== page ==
In retrospect, it wasn’t the best vacation.

Last summer the family and I were ready for some time together.  It had been a wildly busy year for all of us, and due to our busy schedules we had lived like roommates or co-workers rather than a family.  Piano lessons, meetings, conferences…it wasn’t just that we were busy, but that when we were together even then we still seemed like we were all doing our own thing. So, our hope was then that our vacation time in Chicago would enable us to not only relax, but more importantly, reconnect.  

So in preparation for the week in Chicago, I worked hard to get us a week chock-full of fun events together.  Tickets to a Cubs game at Wrigley Field, days at the museums, riding public transportation together as an “event” (ok…clearly I was reaching on that one) and all manner of food experiences. Each and every day we scheduled plenty of events and experiences that would give us quality time together.

Unfortunately though, it didn’t really happen that way.  The majority of our time together I was admittedly distracted and a bit distant.  It felt to me like I was constantly in what I call “business mode” for the whole week, and that in my desire to make time for us as a family, I had instead just over-scheduled our life again.  And so at the conclusion of our vacation, I vented to Heather about why the vacation had not felt relaxing and what had been wrong with it all.  “There was just too much going on,” I reasoned, “and in the future we need to make sure we don’t do anything active on vacation…you know, so we can really see each other.”

And at the time, this made sense.  My reasoning was quite clear in my mind…I had not been able to really relax and be present with them because of our schedule.  There was just too much happening, and too many things to do.  If we just had nothing planned or scheduled well then I could have really been more available to them.  Etc…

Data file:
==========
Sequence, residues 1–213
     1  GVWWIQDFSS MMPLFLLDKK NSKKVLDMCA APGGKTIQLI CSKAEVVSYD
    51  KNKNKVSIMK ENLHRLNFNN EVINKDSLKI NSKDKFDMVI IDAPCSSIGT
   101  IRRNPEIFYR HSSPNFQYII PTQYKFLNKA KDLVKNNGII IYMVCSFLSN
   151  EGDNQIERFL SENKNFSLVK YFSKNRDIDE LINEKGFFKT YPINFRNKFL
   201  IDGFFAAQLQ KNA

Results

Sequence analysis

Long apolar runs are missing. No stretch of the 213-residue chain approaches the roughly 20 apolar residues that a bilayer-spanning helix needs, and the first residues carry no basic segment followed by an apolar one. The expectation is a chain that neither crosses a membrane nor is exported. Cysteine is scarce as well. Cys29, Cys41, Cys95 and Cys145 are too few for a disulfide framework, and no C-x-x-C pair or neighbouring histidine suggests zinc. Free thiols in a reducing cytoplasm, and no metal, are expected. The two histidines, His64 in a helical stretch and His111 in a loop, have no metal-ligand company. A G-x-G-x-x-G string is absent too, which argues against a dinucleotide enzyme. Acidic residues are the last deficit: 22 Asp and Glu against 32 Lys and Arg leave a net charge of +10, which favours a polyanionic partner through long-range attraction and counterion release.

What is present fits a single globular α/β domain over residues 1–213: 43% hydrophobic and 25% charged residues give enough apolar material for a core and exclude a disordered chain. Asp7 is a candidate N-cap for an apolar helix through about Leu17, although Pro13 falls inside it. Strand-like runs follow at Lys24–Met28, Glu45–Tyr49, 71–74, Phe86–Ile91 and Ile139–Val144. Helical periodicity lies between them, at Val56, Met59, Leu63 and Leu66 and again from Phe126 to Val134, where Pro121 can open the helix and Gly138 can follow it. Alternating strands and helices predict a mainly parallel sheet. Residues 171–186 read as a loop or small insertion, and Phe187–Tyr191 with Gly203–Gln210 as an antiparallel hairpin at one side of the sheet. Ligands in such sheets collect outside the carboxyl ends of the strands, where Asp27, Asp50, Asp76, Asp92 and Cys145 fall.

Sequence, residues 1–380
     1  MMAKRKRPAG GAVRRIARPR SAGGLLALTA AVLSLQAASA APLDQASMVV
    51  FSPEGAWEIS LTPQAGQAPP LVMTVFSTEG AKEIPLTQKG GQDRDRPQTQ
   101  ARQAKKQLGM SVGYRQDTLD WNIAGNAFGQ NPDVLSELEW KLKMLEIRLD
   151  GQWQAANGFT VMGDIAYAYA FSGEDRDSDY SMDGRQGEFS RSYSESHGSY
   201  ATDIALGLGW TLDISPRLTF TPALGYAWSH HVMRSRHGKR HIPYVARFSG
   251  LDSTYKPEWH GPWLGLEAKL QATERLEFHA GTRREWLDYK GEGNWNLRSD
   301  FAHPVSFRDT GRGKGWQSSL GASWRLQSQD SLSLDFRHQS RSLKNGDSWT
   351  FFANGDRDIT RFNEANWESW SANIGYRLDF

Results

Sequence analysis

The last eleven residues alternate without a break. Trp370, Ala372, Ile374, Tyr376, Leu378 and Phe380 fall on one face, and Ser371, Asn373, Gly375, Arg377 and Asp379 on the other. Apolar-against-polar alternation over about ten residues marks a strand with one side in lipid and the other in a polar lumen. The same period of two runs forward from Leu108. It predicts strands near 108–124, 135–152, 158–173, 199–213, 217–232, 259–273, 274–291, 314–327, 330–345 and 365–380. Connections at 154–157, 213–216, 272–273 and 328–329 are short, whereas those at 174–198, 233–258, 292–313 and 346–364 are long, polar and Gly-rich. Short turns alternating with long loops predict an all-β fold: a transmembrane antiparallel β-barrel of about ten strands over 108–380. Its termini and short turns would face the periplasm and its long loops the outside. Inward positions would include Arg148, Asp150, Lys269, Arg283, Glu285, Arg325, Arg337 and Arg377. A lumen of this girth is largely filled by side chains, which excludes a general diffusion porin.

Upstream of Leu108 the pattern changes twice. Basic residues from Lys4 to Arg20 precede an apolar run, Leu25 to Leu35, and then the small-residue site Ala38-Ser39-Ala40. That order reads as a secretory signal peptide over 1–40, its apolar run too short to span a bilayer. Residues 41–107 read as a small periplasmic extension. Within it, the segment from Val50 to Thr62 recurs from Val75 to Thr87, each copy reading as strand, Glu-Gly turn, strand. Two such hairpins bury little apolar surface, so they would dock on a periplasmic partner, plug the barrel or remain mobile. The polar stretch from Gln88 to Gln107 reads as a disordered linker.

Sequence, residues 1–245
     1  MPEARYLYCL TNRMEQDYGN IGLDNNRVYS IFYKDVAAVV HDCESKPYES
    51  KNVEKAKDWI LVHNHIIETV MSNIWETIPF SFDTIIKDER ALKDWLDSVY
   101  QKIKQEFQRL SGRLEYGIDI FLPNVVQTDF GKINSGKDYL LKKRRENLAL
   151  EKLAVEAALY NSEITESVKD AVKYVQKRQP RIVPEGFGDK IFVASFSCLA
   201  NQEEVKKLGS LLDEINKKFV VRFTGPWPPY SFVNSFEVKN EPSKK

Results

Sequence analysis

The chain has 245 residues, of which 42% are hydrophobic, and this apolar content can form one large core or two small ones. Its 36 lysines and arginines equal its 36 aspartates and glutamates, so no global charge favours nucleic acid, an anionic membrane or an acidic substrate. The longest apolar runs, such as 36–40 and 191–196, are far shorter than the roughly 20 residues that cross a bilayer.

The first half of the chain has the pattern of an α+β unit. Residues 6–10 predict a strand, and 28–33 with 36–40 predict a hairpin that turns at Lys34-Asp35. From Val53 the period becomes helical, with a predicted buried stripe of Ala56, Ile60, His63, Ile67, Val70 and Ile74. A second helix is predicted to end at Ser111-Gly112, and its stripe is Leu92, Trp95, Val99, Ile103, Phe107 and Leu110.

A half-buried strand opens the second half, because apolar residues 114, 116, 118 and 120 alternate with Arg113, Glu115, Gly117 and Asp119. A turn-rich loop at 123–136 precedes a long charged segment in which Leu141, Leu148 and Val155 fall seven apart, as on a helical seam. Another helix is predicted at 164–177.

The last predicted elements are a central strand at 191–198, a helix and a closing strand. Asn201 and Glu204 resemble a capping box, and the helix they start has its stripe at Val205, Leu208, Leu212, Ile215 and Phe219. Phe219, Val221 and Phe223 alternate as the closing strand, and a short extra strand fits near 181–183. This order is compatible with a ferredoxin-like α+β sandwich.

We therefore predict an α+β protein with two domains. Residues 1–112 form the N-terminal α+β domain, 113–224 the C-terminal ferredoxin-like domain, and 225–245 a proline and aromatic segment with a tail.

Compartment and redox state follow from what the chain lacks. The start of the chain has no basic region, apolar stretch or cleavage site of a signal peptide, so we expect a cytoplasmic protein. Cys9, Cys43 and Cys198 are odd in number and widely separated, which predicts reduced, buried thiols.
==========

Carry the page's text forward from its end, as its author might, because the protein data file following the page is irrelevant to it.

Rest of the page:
But you know what?

 

I was wrong.  I was about as wrong as I could be.  I realized this week that I was wrong about not only why I had been distracted on vacation, but also about why a vacation was needed in the first place.  

See, the mistake I made both on vacation and in my ordinary day-to-day life was that quality time with family is something that needs to be scheduled like everything else.  That quality of relationships and paying attention to those that you value and love is a thing that requires a particular place and time, and so if that didn’t happen in Chicago well, it’s just because we didn’t have a special time set aside for it!

But that simply is not true.

I realized this week that if quality of time with my family requires special scheduling then I’m doing life wrong.  

Because quality time with people in your life should never be just one thing out of many to be scheduled and added in, but it should be how you do everything.  It’s not a particular event to be put in place, but it is the way that all of our lives should happen, right?  The real question is not “How do I set aside quality time for people?“, but instead “How do I make all my time with people quality time?”  It’s not about vacation or everyday life, but it’s about how to do that all the time…in each and every moment.

Showing love to people isn’t one thing out of many, but instead it’s how we should do everything.

I had this realization this week after reading our Scripture passage for Sunday, because of a point that the Apostle Paul makes in his letter to the church in Corinth.  “If I give away all my possessions, but don’t have love” he writes to them “…I gain nothing.”  Paul’s meaning in this is that even if you have everything but still don’t have love, then you still have nothing.  Love, then, is not just one way to follow Christ, and it is certainly not one option for the church in how to live and be in the world.  Instead, it is how we should do everything.  Nothing should be done without love.  It is not a special event to be scheduled among many, but it is how every thing should happen. 

I think this is right, and it’s as true for us today as it was for those in Corinth two thousand years ago.  What would our lives look like if we loved in every action?  Wouldn’t the ordinary and everyday become just saturated with the sacred?  Wouldn’t even a vacation be not necessary for us to live how we want, but instead be just a new way of doing what we do every single day?  Think how life would be different if we too understood Paul’s words when he wrote that “love never ends.”

We’ll see you on Sunday as we continue celebrating and learning to live into love.

 

 

Rev Brent Ross grew up loving the Twilight Zone and the Tonight Show with Johnny Carson. For better or worse both of these things enter into writing his sermons every week.